Time has flown by since my last update and I didn't intend for 4 months to go by before sharing how my experience in Tanzania ended. To be honest, I was pretty troubled for a variety of reasons. The experience rocked my world. I came home with little time to process before diving in my last fall semester and figuring out my next steps as quickly as possible since my plan was to apply to doctoral programs. When I left in May I was 1000% confident that I'd be applying to someone's PhD in Social Epidemiology program. Long story short, this summer was a wake up call as Epidemiology wouldn't have trained me in the way I needed. I think that explains the internal and external struggles I was facing while working with seasoned epidemiologists this summer. This is by no means a generalization, but in my experience this summer, it seemed like larger samples and statistical significance had greater value than what I had proposed to do, which was explain why half of Tanzanian women with suspected cervical lesions were not seeking follow-up or treatment. All in all, I think it jaded my view of what a career in academia looked like for me.
Going back to the project itself, I came home to all of my transcriptions. As promised, Dr. John had then in my inbox by the time I landed in D.C. However, they are summarized transcriptions and I am not going to be able to qualitatively analyze them as I had hoped. My total sample consisted on 60 women and their stories. I am extremely pleased with this and I plan on spending time over the winter break to complete my analysis and a come up with a game plan for dissemination.
I don't know yet. As I alluded to earlier, I was very confused about how I would approach my doctoral applications. Essentially, I wanted to do more than expose disparities through data analysis and interpretation. I wanted to go a step further and conduct research that can explain disparities but also influence change through health and policy interventions. For those reasons, I been focusing on applying to Ph.D. programs related to health Policy & management and health services research.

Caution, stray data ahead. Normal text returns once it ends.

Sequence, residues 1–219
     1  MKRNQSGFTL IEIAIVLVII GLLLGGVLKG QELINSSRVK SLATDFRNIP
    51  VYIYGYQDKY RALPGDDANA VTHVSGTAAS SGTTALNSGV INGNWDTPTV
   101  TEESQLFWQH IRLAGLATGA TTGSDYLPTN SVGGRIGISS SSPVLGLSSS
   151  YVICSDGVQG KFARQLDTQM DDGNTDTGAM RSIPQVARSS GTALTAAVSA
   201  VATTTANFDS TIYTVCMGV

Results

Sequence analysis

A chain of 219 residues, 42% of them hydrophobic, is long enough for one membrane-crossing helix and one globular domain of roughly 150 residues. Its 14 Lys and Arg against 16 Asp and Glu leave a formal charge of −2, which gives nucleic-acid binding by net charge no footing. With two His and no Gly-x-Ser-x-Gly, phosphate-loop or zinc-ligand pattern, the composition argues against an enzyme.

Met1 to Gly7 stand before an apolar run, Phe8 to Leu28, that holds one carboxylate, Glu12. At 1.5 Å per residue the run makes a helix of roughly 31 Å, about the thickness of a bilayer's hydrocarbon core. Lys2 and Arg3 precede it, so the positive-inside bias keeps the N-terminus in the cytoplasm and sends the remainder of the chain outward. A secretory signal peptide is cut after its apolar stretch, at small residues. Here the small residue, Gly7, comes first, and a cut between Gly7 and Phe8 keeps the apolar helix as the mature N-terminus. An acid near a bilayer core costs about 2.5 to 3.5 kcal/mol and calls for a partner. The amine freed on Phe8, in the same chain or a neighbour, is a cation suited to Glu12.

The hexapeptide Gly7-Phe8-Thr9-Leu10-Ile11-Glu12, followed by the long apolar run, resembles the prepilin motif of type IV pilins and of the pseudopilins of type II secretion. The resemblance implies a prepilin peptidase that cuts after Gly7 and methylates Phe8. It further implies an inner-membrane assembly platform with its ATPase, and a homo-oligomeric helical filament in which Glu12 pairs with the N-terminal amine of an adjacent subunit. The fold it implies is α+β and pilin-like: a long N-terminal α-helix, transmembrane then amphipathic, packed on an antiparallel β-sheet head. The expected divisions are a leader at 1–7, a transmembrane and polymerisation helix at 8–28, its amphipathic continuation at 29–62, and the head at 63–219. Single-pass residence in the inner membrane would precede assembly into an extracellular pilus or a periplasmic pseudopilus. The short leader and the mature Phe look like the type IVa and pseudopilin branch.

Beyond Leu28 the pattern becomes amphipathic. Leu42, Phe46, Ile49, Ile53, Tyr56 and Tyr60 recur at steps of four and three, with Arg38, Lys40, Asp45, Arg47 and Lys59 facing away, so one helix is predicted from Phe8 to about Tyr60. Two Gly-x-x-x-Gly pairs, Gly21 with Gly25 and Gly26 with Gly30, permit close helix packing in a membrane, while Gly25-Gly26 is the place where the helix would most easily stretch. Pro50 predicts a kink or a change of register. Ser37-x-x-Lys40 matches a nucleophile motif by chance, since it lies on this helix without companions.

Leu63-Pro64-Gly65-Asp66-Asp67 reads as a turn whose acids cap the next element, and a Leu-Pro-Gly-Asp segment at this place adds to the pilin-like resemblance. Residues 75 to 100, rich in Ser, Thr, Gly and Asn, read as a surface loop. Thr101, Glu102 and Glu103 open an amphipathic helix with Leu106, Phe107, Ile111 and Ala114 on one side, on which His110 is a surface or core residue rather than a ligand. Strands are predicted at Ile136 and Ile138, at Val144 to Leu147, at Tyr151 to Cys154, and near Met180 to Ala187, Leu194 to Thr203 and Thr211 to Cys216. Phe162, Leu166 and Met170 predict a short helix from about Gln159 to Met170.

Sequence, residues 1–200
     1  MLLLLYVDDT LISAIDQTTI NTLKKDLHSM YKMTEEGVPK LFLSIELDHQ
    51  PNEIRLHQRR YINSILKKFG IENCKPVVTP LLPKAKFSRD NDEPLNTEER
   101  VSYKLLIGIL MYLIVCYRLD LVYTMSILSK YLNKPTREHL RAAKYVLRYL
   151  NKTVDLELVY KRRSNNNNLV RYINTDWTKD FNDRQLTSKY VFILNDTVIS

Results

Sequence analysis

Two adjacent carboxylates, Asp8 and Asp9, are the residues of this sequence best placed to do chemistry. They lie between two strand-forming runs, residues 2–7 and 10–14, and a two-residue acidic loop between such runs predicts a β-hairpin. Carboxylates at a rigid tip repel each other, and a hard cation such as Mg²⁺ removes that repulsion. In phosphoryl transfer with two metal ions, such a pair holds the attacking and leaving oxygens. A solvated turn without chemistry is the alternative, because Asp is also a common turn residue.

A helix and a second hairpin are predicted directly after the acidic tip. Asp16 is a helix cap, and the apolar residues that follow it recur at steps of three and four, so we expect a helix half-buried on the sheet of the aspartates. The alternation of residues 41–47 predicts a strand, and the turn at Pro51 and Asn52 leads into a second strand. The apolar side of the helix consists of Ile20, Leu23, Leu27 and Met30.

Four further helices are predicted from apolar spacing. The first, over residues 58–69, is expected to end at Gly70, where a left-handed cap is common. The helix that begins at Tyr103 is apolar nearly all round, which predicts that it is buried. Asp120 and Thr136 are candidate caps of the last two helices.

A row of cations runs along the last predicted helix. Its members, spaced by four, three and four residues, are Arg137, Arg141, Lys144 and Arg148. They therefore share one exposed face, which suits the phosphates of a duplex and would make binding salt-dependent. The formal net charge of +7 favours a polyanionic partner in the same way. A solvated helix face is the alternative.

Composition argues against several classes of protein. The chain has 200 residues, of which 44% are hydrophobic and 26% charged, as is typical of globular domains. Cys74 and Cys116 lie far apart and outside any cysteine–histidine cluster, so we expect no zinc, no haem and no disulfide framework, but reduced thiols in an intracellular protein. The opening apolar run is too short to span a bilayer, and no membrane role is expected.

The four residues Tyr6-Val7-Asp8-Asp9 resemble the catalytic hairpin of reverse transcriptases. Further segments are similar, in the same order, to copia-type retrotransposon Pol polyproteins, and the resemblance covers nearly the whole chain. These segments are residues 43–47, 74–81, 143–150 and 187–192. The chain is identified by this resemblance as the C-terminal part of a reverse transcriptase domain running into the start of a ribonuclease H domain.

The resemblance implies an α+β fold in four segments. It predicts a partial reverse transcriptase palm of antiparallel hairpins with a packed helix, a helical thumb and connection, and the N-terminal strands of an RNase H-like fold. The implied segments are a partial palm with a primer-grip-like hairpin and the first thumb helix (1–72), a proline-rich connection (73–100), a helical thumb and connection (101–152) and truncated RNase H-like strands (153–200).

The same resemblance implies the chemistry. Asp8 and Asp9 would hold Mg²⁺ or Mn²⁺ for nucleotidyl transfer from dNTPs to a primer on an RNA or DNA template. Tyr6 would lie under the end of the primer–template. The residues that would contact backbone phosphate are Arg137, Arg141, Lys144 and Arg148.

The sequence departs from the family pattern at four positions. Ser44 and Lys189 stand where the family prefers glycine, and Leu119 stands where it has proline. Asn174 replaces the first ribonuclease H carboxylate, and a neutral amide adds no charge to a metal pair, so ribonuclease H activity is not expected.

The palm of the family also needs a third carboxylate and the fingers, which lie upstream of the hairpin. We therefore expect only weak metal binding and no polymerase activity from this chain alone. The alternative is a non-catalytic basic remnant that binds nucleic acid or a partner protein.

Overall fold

Ultimately, I've learned that I am exceptional. And I've continued to be as exceptional as possible regardless of all of the hurdles and risks that I've taken. My confidence took a hard hit this summer and in the last few months as I've been preparing to submit my doctoral applications and figure out life after graduation. I spent the entire summer advocating for myself and the women in my study and it was hard. I am very proud of what me and my team accomplished, given the short time frame, limited resources, a very hard to reach population, and my language barrier.
But since my return, I've been told to either postpone doctoral study or to avoid it all together "and just get a job" because "I have no experience and I'm no researcher" and it shows because "of my small sample size" and "no publications". Even after securing an NCI grant, implementing, and completing a study in Tanzania for a very hard to reach population of women. Even after, I was accepted to give an oral presentation at the 2017 APHA conference. Even after, telling anyone who would listen that I enrolled into my MPH program with full intentions of enrolling in a Ph.D. program soon after. I've learned that this experience with nay-sayers won't be my last and lastly, although I am sick and tired of being told "no", I now know how to recognize them in the future.
I'd like to thank and acknowledge my friends Khadija, Stacey, Taylor, Elizabeth, and Flora for all of the time they invested in me and this project. I wouldn't have made it without the love and support you all showed me. Asante sana dadas.